1. Indian Vegetarian Feast by Anjum Anand – In this book, Anand repurposes the classic and timeless recipes to include the vegetables and roots commonly found in UK and US. She also provides helpful hints for creating variations of a recipe. The instructions are comprehensive and clear, and most are accompanied by a good visual representation. I haven’t tried any recipes yet but made note of quite a few, which I look forward to trying out soon.
  2. St. Lucy’s Home for Girls Raised by Wolves – I came across this title while looking up Karen Russell’s short stories fiction titled Vampires in the Lemon Grove. To my surprise, St Lucy’s was rated higher over Vampires but I found that I enjoyed reading Vampires in the Lemon Grove over this book. So the title story is self-explanatory in the sense, wolf cubs born in humanoid form are taken away from the werewolf parents to be raised as human children in order to be fully integrated into the human world. The children have no say in the matter but the ones who learn fast are rewarded while the stubborn ones are reprimanded and isolated from their brothers/sisters. I don’t believe I enjoyed reading any of the other short stories within this compilation. It truly is a book that can be immensely enjoyed if you enjoy Russell’s stories.
  3. Thor Visionaries Vol 1, 2 and 3 by Walter Simonson– Having enjoyed watching re-runs of the Marvel movies this January, I was trying to get my hands on some of the comics to test the waters so to speak. My local library has a very limited selection where Marvel comics are concerned, so I was able to borrow Thor Visionaries volumes 1, 2 and 3. These volumes introduce Beta-ray Bill, an alien guardian whose mind has been transferred into a carnivorous beast (looks hideous) who Thor encounters on his mission to intercept an extraterrestrial spaceship of unknown origin on Earth. Bill impresses Odin with his prowess so much so that Odin confers the Asgardian citizenship upon him and gifts him with a garb and hammer identical to Thor’s. The subsequent volumes follow Bill’s adventures on Earth and in space with Sif, the Asgardian’ battle with Surtur, the fire demon and Thor’s journey to Hela’s realm to rescue innocent Midgardian souls.
  4. Thor: The Deviants Saga is about Thor’s journey to the cities of the Eternals and their enemies, the Deviants to retrieve a stolen Asgardian artifact. The stories also features a brief venture into the Savage Land, a land rich in Adamantium.
  5. The Shepherd’s Crown by Terry Pratchett (link to review)
  6. The Jungle Book by Rudyard Kipling (link to review)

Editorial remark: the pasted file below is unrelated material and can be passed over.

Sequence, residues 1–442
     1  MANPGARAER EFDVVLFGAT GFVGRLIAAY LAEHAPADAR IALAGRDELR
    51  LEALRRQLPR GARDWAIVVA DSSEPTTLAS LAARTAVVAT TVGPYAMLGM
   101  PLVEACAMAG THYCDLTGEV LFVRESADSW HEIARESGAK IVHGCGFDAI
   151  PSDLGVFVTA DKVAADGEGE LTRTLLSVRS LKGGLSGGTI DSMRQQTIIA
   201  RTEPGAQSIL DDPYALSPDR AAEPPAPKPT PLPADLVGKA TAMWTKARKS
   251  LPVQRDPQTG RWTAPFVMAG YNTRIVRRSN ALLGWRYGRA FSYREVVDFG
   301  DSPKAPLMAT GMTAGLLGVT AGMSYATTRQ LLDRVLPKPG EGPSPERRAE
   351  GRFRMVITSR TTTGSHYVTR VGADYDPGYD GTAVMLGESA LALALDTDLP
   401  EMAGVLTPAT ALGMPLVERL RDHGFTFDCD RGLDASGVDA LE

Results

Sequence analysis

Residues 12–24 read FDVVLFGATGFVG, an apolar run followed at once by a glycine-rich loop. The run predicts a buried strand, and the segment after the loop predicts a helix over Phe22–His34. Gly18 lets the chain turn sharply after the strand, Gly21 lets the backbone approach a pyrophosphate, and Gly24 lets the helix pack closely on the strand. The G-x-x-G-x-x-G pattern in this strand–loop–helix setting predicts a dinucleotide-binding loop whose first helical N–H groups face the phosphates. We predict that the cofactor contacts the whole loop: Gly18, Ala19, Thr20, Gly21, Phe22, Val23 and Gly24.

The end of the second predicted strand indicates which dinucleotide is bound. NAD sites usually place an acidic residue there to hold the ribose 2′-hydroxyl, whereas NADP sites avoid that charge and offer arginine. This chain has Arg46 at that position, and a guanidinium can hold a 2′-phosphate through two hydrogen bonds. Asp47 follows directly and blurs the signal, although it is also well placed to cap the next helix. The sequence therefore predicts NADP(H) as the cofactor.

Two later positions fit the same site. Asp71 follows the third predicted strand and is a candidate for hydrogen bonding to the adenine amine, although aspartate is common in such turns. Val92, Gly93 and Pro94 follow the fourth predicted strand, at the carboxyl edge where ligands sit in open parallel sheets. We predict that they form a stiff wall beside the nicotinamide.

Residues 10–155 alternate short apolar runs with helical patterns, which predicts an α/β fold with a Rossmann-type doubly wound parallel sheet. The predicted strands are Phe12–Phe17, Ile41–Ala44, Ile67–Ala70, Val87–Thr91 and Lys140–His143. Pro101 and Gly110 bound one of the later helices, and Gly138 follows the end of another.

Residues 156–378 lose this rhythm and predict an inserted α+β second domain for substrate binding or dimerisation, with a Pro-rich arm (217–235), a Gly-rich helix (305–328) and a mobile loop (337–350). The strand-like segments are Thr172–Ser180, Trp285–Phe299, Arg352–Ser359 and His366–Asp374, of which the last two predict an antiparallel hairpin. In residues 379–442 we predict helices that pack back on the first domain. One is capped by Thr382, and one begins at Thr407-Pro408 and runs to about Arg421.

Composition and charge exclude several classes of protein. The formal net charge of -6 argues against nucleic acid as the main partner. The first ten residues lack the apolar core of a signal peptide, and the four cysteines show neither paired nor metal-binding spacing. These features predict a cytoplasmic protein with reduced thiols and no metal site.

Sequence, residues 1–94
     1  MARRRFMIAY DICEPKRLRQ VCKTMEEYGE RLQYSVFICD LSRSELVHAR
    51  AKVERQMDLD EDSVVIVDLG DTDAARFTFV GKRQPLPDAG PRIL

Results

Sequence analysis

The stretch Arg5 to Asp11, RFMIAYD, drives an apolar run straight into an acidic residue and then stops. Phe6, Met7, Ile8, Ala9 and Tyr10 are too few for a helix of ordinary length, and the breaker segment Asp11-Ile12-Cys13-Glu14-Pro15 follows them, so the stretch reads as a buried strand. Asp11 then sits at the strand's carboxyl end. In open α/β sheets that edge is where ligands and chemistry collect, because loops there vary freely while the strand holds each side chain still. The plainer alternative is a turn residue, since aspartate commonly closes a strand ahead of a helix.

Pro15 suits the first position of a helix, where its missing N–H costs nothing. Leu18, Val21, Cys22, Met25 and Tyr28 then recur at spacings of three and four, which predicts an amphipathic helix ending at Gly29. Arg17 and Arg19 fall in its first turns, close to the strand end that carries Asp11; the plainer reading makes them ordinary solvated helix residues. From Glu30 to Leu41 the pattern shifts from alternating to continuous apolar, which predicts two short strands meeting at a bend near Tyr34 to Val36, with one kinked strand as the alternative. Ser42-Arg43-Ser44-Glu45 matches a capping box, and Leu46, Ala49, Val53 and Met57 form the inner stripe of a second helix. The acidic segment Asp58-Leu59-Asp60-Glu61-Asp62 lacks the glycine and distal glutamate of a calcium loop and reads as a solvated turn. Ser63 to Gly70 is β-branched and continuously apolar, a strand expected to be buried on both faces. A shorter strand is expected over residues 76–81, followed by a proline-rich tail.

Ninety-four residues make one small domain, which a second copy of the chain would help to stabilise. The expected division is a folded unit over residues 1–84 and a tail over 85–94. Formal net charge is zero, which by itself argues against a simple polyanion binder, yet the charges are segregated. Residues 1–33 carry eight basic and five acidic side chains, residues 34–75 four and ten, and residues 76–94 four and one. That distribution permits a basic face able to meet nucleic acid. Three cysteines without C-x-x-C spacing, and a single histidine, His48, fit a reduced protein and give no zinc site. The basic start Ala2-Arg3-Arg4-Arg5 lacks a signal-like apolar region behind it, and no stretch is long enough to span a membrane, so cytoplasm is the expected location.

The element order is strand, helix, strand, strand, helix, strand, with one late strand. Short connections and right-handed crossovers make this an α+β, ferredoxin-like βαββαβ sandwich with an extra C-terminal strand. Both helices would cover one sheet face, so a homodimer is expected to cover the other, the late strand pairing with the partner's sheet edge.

The Shepherd’s Crown by Terry Pratchett

TSCTerry Pratchett has been and still remains a favorite author ever since I discovered the DiscWorld series back in 2004. The Shepherd’s Crown is his last and yet another awesome work. This novel also marks the end of the Tiffany Aching series, all of which never failed to bring on a few laughs, though they dealt with a lot of evil characters that lived beyond the realm of DiscWorld. Tiffany has pretty much settled in Chalk as its chief witch but her busy life is disrupted by the death of Granny Weatherwax who names Tiffany as her heir.

Granny’s death took up just a chapter or two at the most, and before I had time to move over from Granny’s death I was caught up with TIffany’s extra busy life as she shuttles between Chalk and Lancre trying to do justice to her job. Meanwhile, Granny’s death had weakened the defenses of Discworld, stirring an ancient enemy into action…one perhaps even Tiffany would prefer giving a second chance rather than fight.

This is an action-packed story where the old and the young stir to fight till their last breath in order to save what they hold dear. The main theme I felt was death and the loss that is felt by the loved ones afterwards…in fact, Pratchett provides a window into his thoughts through Granny. And you can feel this as you read about Granny realizing that her time was near organizes her affairs and leaves instructions for people she cares about most – Nanny and Tiffany. And dealing with the loss of a loved one covers the rest of the story. The story also covers the concept of man-cave/ tool shed as the old men of Lancre are introduced to it by Geoffrey, the young apprentice of Tiffany. It also serves a coming of age story as Tiffany transitions to the role of head witch, a post formerly held by Esme Weatherwax. A sombre novel!

Alas! I wish I could find the Discworld series at discounted prices, if only to collect them all.